Utility of history, examination and laboratory tests in screening those returning to Europe from the tropics for parasitic infection
objectives To examine the utility of the different elements of screening expatriates and travellers returned from the tropics for parasitic disease (exposure history, symptoms, examination and laboratory tests).
methods In phase 1 (conducted prospectively 1990–91), 1029 asymptomatic returnees had a detailed questionnaire and interview on risk-behaviour, physical examination and laboratory tests. In phase 2 (1997–98), 510 consecutive patients referred for routine screening (276 symptomatic and 234 asymptomatic) were screened with laboratory tests.
results Exposure history did not correlate reliably with parasite burden. In phase 1 physical examination revealed 387 abnormalities, only three of which indicated parasitic disease. Schistosomal serology was positive in 11% (CI 9–13) of these asymptomatic cases including patients with light or no reported freshwater exposure. Stool microscopy was positive in 19% (CI 16–22) of cases not correlated with reported eating habits, and eosinophilia was present in 8% (CI 6–10). In phase 2 reported symptoms did not correlate with parasitic disease. Schistosomiasis was present in 15% (CI 13–24) of asymptomatic and 18% (CI 13–22) of symptomatic individuals (OR 1.2 P = 0.46); stool microscopy was positive in 14% of both symptomatic and asymptomatic patients, and eosinophilia in 9% of symptomatic and 6% of asymptomatic individuals.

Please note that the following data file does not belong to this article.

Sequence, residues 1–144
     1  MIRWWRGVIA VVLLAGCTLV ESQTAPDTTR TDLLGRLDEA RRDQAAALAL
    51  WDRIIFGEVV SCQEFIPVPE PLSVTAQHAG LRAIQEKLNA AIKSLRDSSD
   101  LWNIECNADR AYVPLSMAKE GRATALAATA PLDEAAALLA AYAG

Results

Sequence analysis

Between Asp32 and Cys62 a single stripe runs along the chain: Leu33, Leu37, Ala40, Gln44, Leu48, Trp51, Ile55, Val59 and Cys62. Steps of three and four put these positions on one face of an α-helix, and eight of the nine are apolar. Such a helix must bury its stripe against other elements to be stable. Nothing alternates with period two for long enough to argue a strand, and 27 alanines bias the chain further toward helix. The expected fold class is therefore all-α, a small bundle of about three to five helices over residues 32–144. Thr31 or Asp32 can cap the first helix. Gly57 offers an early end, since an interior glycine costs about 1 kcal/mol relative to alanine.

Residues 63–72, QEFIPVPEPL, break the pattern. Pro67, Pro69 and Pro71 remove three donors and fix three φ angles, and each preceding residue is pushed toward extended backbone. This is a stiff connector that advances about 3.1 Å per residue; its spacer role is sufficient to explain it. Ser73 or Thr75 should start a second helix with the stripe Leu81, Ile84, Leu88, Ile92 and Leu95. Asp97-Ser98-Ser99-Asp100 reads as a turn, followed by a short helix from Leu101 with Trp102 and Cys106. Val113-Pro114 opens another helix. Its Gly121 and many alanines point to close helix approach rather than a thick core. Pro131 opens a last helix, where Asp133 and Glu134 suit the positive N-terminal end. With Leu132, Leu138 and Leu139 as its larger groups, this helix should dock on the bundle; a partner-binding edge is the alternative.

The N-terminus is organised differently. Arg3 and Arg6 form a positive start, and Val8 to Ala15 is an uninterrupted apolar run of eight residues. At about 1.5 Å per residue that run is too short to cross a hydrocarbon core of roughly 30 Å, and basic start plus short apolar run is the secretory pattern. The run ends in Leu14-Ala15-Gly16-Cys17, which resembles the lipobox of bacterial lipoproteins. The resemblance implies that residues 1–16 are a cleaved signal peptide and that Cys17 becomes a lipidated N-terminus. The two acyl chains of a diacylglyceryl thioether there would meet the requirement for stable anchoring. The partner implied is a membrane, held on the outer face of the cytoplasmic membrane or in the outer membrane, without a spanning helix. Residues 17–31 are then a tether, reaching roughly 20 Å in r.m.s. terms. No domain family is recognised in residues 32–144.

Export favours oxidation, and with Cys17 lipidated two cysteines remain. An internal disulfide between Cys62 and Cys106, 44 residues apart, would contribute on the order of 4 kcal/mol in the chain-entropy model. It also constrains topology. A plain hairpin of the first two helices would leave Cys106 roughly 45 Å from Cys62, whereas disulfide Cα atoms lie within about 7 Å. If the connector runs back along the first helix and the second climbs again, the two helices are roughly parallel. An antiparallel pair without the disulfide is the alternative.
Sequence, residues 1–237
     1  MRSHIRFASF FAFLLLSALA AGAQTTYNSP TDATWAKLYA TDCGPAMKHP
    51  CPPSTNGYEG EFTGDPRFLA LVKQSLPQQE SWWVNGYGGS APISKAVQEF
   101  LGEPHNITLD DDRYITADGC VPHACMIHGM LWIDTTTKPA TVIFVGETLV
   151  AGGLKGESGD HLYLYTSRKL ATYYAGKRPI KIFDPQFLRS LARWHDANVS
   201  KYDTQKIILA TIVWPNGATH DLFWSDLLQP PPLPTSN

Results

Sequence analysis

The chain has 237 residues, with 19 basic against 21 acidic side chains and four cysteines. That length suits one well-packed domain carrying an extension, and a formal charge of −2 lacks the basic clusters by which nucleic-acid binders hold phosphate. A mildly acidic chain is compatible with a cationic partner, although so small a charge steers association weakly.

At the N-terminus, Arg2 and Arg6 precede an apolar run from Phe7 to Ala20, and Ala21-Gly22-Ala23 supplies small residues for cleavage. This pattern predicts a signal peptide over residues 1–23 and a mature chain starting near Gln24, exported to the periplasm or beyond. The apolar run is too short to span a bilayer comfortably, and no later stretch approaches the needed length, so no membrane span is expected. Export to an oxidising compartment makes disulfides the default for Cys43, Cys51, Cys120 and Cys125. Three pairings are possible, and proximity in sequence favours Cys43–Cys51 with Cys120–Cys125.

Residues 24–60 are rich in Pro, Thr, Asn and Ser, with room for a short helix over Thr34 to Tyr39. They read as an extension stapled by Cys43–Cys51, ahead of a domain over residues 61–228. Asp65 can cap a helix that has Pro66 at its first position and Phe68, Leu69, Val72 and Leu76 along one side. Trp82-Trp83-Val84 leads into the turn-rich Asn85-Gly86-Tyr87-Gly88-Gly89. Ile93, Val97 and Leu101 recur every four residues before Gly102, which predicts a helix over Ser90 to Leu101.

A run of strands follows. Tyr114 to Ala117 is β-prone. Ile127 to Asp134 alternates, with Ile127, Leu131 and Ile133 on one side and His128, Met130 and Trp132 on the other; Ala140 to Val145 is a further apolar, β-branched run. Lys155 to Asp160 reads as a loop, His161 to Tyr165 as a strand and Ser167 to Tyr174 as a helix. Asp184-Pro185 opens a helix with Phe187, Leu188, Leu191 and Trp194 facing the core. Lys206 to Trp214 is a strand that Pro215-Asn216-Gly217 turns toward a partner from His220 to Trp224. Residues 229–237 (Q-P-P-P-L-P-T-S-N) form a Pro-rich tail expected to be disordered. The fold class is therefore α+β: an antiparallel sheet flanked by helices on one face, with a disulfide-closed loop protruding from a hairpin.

conclusion Potentially serious asymptomatic infection is common in travellers. Detailed exposure history, symptom history and physical examination added little to detecting cases. Stool microscopy, schistosomal serology and eosinophil count all had good yield. Filarial serology had low yield in patients without eosinophilia.
Document Type: Research Article
Publication date: November 1, 2000